Former Philadelphia Police Commissioner John F. Timoney said Tuesday that Camden County should not necessarily expect that its efforts to create a regionalized police force would result in cost savings.
"You're looking for optimal staffing levels to police a county like Camden County," he said at a news conference in Blackwood. "Maybe it costs more. You won't know until you look."
Timoney, who flew in from Miami, is in New Jersey for the week to consult on the county's plan to take over policing in Camden and advise officials on creating a larger regional force, a possibility at which suburban mayors have largely balked.
The county has long billed the regional force as a cost-savings measure.
But Camden County Freeholder Director Louis Cappelli Jr. seemed to step back from that position after Timoney's news conference, saying that even without savings, the number of officers would increase, and that would be "a win."
He estimated that a county takeover in Camden would double the number of police on the streets through changes in the organization and reductions in officers' benefits. It would also add bike and walking patrols.
"We have a general idea of what we're dealing with," Cappelli said.
On Thursday, the county is expected to approve an agreement with Camden City and the state Department of Community Affairs to study the proposed takeover.
The proposed dismantling of the city force has prompted an outcry from the police unions, which face massive layoffs and a certain reduction in their members' benefits packages.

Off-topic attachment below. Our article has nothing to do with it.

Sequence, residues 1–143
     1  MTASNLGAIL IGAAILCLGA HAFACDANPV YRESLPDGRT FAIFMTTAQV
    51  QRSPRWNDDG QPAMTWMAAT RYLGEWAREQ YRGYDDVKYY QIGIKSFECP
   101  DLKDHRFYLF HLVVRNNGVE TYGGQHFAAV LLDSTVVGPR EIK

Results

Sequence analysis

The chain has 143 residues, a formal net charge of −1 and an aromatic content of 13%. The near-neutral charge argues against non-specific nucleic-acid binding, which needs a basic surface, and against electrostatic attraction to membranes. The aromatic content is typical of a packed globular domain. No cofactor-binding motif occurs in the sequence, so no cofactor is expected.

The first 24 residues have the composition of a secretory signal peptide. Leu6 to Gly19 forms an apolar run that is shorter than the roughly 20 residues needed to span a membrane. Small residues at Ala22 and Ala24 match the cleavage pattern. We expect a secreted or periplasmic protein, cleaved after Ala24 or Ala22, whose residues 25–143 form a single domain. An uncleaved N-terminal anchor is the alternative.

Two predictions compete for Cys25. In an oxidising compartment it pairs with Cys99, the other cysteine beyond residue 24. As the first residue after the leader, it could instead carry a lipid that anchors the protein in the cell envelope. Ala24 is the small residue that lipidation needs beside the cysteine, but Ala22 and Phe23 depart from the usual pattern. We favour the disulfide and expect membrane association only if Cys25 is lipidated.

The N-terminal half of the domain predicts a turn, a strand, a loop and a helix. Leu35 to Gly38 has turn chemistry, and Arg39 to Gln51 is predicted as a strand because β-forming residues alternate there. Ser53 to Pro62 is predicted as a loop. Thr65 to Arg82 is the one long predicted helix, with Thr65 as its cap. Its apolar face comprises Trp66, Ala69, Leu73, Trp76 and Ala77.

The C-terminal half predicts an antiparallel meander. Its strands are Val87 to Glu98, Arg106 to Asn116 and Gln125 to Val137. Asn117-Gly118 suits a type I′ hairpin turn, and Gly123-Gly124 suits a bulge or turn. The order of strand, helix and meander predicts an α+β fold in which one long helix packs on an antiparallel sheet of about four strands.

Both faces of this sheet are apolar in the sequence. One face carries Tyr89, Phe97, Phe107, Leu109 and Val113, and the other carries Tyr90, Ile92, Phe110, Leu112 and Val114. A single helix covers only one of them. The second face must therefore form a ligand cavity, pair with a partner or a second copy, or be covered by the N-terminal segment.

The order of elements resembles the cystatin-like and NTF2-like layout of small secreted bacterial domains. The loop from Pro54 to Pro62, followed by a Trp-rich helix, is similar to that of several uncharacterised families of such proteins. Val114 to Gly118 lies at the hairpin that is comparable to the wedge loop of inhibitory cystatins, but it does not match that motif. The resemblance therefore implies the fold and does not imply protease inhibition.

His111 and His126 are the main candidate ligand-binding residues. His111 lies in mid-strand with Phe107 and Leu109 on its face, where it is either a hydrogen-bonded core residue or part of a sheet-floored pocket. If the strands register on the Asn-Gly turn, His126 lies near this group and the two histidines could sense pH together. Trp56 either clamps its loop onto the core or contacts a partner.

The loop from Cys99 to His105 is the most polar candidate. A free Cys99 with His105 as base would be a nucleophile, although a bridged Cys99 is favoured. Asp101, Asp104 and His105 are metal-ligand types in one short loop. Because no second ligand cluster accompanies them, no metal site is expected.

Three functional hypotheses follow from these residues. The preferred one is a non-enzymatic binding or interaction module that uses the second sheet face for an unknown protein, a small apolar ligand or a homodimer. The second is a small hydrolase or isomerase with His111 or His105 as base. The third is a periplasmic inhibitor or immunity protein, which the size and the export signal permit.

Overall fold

At a frenzied news conference last week, Camden Fraternal Order of Police president John Williamson warned that there was potential for chaos if the proposed county force replaced the city's veteran officers with those "not familiar with the residents, the culture of the vast mixes . . . in the city."
From the outset, county officials had said that labor law would prevent them from hiring back more than 49 percent of the current force. Otherwise, they have said, they would have to compensate officers under the current contract.
But Cappelli said Tuesday county lawyers were reviewing those statutes.
"I'm not sure the 49 percent is set in concrete," he said.
Timoney, a veteran of the New York, Philadelphia and, most recently, Miami Police Departments, also responded to critics who wondered whether his hiring was an attempt to add a marquee name to a proposal that has struggled to gain a wide following.
"Timoney was not brought in to union-bust," Timoney said. "There's been a lot of speculation that Timoney's been brought in to bless a plan that's already been decided. Nothing could be further from the truth."
The former police commissioner is being paid by the county and generally receives $1,500 a day for his consulting services.
He is scheduled to meet with police and local officials through the end of the week and review Camden's crime and policing statistics, something he was famous for doing in Philadelphia.
While a longer-term deal is still being worked out, Cappelli said he expected Timoney would return.